turkey's foreign policy and the middle east

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Guest lecture at Metropolitni Univerzita Praha, Prague, Czech Republic, May 14, 2014.


  • 1. Turkeys Foreign Policy and the Middle East Dr. Altay Atl Boazii University Istanbul, Turkey Metropolitan University Prague, May 14, 2014.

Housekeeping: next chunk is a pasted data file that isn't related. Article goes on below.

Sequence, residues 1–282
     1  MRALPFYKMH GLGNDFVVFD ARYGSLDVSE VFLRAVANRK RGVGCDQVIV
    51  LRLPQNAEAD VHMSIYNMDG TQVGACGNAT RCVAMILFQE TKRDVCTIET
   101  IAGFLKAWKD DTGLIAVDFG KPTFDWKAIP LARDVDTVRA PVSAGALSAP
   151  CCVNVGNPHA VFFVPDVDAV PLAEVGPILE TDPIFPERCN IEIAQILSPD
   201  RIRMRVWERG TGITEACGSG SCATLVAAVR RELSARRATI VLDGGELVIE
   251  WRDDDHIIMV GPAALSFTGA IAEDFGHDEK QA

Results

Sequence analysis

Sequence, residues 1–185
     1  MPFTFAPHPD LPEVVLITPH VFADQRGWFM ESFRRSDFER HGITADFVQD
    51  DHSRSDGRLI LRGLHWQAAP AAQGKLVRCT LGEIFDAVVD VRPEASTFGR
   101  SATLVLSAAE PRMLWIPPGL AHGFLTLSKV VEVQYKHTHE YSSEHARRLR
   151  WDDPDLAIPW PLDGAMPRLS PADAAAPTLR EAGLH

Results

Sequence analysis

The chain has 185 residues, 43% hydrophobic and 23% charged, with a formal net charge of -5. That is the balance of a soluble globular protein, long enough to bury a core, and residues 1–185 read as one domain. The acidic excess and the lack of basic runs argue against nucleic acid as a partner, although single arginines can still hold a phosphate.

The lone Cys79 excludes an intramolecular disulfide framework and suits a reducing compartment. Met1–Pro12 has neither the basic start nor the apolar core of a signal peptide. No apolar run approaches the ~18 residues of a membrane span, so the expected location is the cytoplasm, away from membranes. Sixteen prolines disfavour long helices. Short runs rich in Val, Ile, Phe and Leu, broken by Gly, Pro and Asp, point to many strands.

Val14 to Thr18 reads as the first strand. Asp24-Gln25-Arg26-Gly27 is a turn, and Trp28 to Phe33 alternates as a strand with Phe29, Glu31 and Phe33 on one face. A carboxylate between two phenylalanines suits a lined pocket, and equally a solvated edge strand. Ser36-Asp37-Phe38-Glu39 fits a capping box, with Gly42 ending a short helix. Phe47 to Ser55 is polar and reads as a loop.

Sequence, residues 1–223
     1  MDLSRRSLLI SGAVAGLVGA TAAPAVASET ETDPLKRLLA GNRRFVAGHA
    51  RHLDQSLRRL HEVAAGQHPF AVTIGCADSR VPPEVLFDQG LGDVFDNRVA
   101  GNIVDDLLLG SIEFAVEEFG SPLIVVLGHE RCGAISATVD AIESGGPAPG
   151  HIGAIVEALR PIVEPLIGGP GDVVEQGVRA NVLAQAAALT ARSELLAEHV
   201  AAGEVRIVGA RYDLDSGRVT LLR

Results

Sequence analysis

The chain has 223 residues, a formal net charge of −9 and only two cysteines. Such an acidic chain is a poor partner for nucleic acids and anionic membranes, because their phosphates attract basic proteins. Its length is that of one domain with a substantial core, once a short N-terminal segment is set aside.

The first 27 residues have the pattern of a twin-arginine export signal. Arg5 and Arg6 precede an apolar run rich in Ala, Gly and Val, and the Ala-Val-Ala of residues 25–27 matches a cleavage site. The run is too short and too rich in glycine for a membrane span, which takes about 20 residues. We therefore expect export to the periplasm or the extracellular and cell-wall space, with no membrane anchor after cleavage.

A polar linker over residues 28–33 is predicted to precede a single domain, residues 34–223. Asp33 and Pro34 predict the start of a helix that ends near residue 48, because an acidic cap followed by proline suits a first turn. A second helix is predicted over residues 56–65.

2. Making Sense of Turkish Foreign Policy 3. Periods in Turkish Foreign Policy 1980s and 1990s: Western oriented. Preserving the status quo. Military and civilian bureaucracy dominant. Early steps of a multi-dimensional foreign policy. Early AKP period (2002-2007): EU membership as the priority. Attempts to diversify Turkeys external relations and to improve relations with neighboring countries. Economics having a dual role in Turkeys foreign policy. Rise of new actors. Identity considerations and civilizational geo-politics. 4. Periods in Turkish Foreign Policy Later AKP period (2007-2011): EU no more the reference point. Continuation of multi-dimensional foreign policy. Zero problems with neighbors. Building strong relations with Middle Eastern countries as equal partners based on mutual economic interests and common heritage. New geographical imagination. Post-Arab Spring period (2011-present): Democracy promotion discourse. Dilemma: Economic interests vs. pro-democracy position. Overstretching of Turkeys capabilities. Increasing instability across the neighboring region. 5. Turkey and the Middle East Questions: How did Turkey respond to the developments in its neighborhood during the Arab Spring period? What are the challenges faced by Turkey in this respect? How can Turkey contribute to a more stable Middle East in the post-Arab Spring period? 6. Turkeys Response to the Arab Spring Dilemma: Taking a pro-democratic stance and discontinuing relations with autocratic regimes may jeopardize economic interests. But: An indifferent or negative attitude towards the popular movements and/or support for authoritarian regimes can undermine Turkeys image and ambitions of increasing regional influence. Response: Initial hesitation. Eventual shift towards stronger support to the regime transformation processes in Egypt and Syria. Over-engagement / despite lack of capabilities. 7. Turkeys Response to the Arab Spring Result: Economic relations weakening. Democratization not in sight in the region. Turkey over-engaged itself in Syria, contributing to further instability and undermining both its own interests and international image in the process. From zero problems with neighbors to zero neighbors without problems. 8. Turkeys Response to the Arab Spring Share of various regions in Turkeys exports (%) 2004 2012 2013 MENA 16.0 34.0 30.0 EU 58.1 39.0 41.5 Non-EU Europe 6.9 9.3 9.4 North America 8.2 4.4 4.3 Asia 4.0 6.9 7.9 Rest of the World 6.8 6.4 6.9 Source: Turkish Statistics Institute 9. The Egypt Case Initial preference: Egypt to adopt the Turkish model and become a reliable strategic partner for Turkey. Erdoans 2011 Cairo talk: Emphasis on secular constitution. Change of course after July 2012 elections in Egypt: Support for Muslim Brothers. July 2013 coup: Turkey does not recognize the new regime Turkish foreign policy emerges as one of the biggest losers. The Egypt issue causes relations with Saudi Arabia and Qatar to sour. 10. The Syria Case Initial preference: Playing a constructive role in Syrias political opening, without a regime change. Did not work. Support for opposition forces. Underestimation of the Assad regimes strength Overestimation of the oppositions capabilities and coherence. Hesitation of the international community. Refugees from Syria. Growing security risks for Turkey. The Sunni connection: Turkeys drawn into sectarian conflicts of the Middle East. Turkey has overengaged itself in Syria, overstretched its capabilities, thus contributing to increasing instability. This undermines Turkeys interests and the way it is perceived in the international arena. Can Turkey really be a model for the region in this way?? 11. The Road Ahead Turkeys foreign policy in the Middle East needs a reset: A more nuanced stance and concrete steps towards a restoration of Turkeys influence in the region. Instead of over-engagement, Turkey needs to be aware of its limitations and make efforts to increase its capabilities: economic and democratic. Turkeys economy needs to be placed on a sustainable growth track. Democratization and the establishment of rule of law are necessary and urgent. Progress with the domestic Kurdish question is absolutely vital. But: the currently growing authoritarian style of governance of the AKP and the the countrys ongoing internal struggles do not help. Revitalization of the EU anchor is crucial. 12. Dr. Altay Atl Boazii University Istanbul, Turkey altay.atli@gmail.com

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